Lessons from a magician

Blind Spots in a world outside a magic show

Feb 7, 2023

The second semester of my Freshman year in college, I made the not-so-astute decision of channeling my inner Lebron James and tried to contest a lay-up. While I did get the block, I landed on my friend's shoe, and twisted my ankle, tearing some ligaments in the process.

What followed was three months in crutches and while I could have spent this time productively, I decided to watch "How I met your Mother" again and venture into the world of card magic. I was already intrigued by magic and this newfound time on my hands only got me more involved in the art. Soon enough I was on a mission to amaze (irritate) my friends with some card tricks. The ability to perform something which should be "impossible" with a regular deck of cards was surprisingly powerful.

Magic is interesting cause it makes you question reality. A playing card does not actually vanish in thin air, the statue of liberty cannot disappear from its origin, and a feather does not actually transform into a pigeon. Magic serves as a gentle reminder that our perception of the world may often differ from reality. It highlights the obvious blind spots that exist in how we tend to perceive the world.

While I am far from an expert, I thought I'd touch on four important ideas I've learned while trying to do a few card tricks.

(Spoilers on a few tricks ahead)

1. Miss the obvious

In a TED Talk, magician, Apollo Robbins, called an audience member on stage and used his skills to remove the spectator's watch and cash, while keeping the audience focused on his sleight of hand. The audience was in fact so focused that they seemed to miss the fact that Apollo had changed shirts mid-way through the talk. I watched this video online and missed the change too. (It's incredible).

Misdirection as Apollo touched upon is often the ability to control and divert someone's attention in a manner that even if they are looking directly at the sleight, they notice nothing. It was about keeping the mind busy and misdirected rather than then trying to hide something from the sensory organs. The "Invisible Gorilla" experiment is a classic case of how misdirection can affect our perception and how we can miss something obvious right in front of us, just cause we don’t expect it to be there. (Another reason why checklists are important)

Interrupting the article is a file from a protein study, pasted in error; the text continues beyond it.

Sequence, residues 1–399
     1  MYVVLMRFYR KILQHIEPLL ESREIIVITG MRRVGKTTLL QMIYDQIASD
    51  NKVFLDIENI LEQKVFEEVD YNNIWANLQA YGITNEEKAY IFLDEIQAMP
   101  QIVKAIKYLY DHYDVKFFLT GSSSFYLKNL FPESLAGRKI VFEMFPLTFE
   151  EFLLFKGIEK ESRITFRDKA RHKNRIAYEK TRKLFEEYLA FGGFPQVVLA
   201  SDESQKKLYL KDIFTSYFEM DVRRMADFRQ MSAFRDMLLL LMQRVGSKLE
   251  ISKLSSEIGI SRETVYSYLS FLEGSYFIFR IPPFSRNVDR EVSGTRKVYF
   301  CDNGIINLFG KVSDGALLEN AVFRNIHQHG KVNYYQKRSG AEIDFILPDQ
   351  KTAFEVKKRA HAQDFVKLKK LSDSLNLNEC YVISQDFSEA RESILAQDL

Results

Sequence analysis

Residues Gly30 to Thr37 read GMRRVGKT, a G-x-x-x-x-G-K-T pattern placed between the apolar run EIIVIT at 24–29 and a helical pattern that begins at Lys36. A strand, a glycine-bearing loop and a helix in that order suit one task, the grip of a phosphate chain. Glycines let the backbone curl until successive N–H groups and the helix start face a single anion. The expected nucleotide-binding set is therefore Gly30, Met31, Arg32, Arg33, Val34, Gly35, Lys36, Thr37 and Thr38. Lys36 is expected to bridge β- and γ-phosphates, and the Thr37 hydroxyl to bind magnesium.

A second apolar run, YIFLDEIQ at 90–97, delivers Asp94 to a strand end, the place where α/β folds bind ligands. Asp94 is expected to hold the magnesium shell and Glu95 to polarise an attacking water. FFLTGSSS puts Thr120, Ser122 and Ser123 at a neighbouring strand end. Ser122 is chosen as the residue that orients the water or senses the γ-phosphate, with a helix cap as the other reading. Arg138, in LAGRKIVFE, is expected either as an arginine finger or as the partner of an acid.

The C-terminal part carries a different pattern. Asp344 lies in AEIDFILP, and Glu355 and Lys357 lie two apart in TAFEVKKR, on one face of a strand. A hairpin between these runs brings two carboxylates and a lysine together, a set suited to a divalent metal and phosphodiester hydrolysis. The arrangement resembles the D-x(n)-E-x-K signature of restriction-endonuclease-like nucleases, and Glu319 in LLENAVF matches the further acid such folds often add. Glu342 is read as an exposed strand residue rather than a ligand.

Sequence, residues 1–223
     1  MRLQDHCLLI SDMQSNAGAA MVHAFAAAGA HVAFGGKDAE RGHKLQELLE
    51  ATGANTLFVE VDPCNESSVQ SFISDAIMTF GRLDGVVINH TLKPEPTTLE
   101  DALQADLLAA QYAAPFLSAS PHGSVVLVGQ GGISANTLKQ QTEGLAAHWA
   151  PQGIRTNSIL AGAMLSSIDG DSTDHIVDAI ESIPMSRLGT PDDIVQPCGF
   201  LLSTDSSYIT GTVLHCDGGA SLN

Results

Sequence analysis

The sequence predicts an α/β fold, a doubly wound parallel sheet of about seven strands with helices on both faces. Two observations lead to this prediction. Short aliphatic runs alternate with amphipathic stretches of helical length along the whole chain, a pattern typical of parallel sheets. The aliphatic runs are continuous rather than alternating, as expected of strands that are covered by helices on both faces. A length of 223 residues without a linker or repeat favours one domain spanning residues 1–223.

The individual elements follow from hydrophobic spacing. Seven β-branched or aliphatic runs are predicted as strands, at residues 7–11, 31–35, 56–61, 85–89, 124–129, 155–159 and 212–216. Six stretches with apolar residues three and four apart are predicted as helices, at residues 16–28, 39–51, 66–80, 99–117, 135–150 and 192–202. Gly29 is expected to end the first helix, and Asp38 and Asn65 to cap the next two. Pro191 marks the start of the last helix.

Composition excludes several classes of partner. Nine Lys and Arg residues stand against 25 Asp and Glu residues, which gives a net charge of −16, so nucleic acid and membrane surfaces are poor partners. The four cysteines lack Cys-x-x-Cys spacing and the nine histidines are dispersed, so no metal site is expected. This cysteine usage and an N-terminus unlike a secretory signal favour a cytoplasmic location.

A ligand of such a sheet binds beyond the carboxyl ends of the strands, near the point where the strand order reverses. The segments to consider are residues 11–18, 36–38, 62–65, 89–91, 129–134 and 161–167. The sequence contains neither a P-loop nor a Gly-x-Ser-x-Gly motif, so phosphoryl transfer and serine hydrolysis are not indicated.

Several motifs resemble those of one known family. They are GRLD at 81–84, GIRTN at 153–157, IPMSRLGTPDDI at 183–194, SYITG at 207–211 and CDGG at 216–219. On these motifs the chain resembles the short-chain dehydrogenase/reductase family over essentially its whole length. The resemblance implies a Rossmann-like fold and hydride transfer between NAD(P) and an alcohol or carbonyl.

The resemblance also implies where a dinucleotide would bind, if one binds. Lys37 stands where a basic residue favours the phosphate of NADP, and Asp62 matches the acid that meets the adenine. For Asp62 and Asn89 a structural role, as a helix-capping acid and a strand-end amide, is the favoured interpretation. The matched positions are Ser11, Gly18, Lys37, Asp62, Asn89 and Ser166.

For more on this you can refer to this article.

2. It's all relative

There is a popular trick where a magician is able to steal a watch from a person’s hand without the person realizing it. This is possible cause, when the magician touches a person's wrist, he applies an even greater pressure on the person’s shoulder. Biologically, we tend to perceive things in a relative fashion and so the pressure on the wrist is not felt. This is interesting cause, from equity valuation to buying the right size of popcorn, relative decision-making is everywhere.

For more on this refer to this article.

3. Storytelling

So much of magic is storytelling. I've done card tricks where I've convinced people that I can read their handwriting and if they write the name of five cards, I can examine their handwriting and tell them which one they actually picked. Ofcourse I have no mind-reading skills, but I do know how to force someone to pick a card, I want them to pick. The rest is storytelling.

A big reason why we fall for the story a magician is telling us is our desire to listen to stories and find meaning in them. Being innately curious we are always looking to make sense of the world and in the case of magic, anything that makes some sense is adopted as an explanation. Our brain is constantly trying to connect dots, and a magician is trying to nudge the brain in the wrong direction. Unfortunately, this nudging happens even outside the world of magic.

For more on this check out this article!

4. Time

The Incredible magicians Penn and Teller once produced 500 live cockroaches on the desk of talk-show host David Letterman. The preparation of this trick involved hiring an entomologist, learning how to pick cockroaches without screaming, building a secret compartment, and then creating a routine to sneak this compartment into a hat. When asked about this trick Teller said “More trouble than the trick was worth? To you, probably. But not to magicians.”

He goes on to mention that to fool someone, “Make the secret a lot more trouble than the trick seems worth. You will be fooled by a trick if it involves more time, money, and practice than you (or any other sane onlooker) would be willing to invest”."

Or as Mr. Munger says “Take a simple idea and take it seriously”.

That’s it for now! Hope you found some of these insights interesting! Do consider subscribing to the newsletter if you have not yet!